Hands-On: Sony Xperia X PerformanceBy Robin-Leigh Chetty 23 February 2016 | Categories: news
Sony's specs page for the Xperia X Performance calls it "The Masterpiece," but whether in fact it is one is certainly up for debate. Reason being that the Japanese manufacturer has not fully detailed it as its go-to flagship device for 2016. Now, a phone that could have been a flagship in 2015 is now considered midrange in 2016, will likely have to go toe to toe with the likes of LG's new G5 and the Samsung Galaxy S7.
Xperia's new hero?
In that regard it has some tough competition, as both rival devices often go all out in the specs department. Sony has tried to make a similar effort for the X Performance, as it features a 5" Full HD display (1080p) up front, which is curved to make it better in media playback scenarios. While, the curved display places the X Performance in line with the Galaxy S7 and S7 edge, whether or not it improves movie and video viewing is still in contention.
Nevertheless, the X Performance is a handsome device, building on the same style of design seen in Sony's trio of Xperia Z5 smartphones launched at IFA last year. As such, both the aluminium frame and back cover are swathed in the same colour, with only the silver power button looking distinct from the rest of the device. On the whole, the X Performance will indeed receive admiring glances, but a change in Sony's Xperia design aesthetic would not go amiss in my opinion.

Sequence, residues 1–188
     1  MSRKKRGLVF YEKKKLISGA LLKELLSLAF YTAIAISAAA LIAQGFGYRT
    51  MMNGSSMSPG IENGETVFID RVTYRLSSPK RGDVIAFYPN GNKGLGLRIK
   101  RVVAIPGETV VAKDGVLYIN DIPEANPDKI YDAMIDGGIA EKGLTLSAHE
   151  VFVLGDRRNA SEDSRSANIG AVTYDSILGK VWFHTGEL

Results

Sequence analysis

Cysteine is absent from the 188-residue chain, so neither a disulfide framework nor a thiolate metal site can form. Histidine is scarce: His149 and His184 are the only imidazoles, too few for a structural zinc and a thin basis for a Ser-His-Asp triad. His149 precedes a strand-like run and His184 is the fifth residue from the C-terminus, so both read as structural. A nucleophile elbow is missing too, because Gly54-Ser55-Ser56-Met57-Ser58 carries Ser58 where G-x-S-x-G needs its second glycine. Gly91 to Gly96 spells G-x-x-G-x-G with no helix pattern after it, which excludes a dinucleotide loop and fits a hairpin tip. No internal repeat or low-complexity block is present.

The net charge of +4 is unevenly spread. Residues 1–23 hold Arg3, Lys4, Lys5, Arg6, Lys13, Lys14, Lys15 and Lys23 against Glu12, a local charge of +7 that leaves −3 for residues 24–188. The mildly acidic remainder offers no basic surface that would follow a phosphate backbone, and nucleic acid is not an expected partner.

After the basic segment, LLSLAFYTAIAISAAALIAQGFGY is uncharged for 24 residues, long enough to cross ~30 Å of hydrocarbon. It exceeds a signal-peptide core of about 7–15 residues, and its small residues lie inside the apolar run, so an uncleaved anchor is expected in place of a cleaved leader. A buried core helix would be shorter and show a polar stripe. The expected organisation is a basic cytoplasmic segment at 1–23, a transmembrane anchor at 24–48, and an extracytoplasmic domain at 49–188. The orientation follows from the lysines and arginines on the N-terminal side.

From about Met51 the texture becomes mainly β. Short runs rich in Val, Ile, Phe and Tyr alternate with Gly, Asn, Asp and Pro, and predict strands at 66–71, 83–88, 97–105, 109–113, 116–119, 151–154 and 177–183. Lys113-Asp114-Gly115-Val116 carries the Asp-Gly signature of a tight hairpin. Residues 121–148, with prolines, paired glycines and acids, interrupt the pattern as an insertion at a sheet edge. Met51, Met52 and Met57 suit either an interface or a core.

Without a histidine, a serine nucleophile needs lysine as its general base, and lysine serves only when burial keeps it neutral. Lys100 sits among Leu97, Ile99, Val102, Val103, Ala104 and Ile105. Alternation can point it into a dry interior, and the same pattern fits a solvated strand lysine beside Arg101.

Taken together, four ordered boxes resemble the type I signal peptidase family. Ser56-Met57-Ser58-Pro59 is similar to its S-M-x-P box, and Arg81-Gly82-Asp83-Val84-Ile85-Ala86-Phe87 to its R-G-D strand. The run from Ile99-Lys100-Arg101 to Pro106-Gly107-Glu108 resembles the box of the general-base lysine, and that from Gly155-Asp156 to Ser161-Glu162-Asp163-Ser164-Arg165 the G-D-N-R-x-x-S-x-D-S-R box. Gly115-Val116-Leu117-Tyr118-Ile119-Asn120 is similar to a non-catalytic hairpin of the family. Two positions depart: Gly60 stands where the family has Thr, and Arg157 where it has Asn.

Solid inside and out
In terms of internal specs, Sony has opted for 3 GB of RAM, which is 1 GB less than that of the Galaxy S7 and G5. Whether that proves its undoing as far as high powered multitasking goes remains to be seen, although 3 GB powered most of 2015’s top contenders. Added to this is a 64-bit Qualcomm Snapdragon 820 processor.
At this stage, Sony has not detailed its clocked speed, but users will be hoping for anything North of 2.5 GHz. If it clocks slower than that, users might find the device heats up fairly quickly when performing many tasks on the fly, as was the case with the Xperia Z5 (review). I'll have to hold off on judgement for that aspect until the smartphone lands on my review desk, which should be sometime around the middle of the year, according to Sony.
Counting in its favour, however, is the same 23 MP camera that the Z5 touts. It ranks as one of the best currently available on a flagship device. Sony has not simply copied and pasted though, improving the camera's autofocus with a predictive hybrid af system. As such, it focuses in-camera far quicker, which was one of the issues I've encountered with the Xperia Z5's version.
All in all, the Xperia X Performance ticks all the necessary boxes to be considered a flagship, or a high specced mid-range offering. If it is indeed going to be one, Sony will have to ensure the pricing is spot on, perhaps even going under the R8K mark, in order to compete with some of its high powered rivals.
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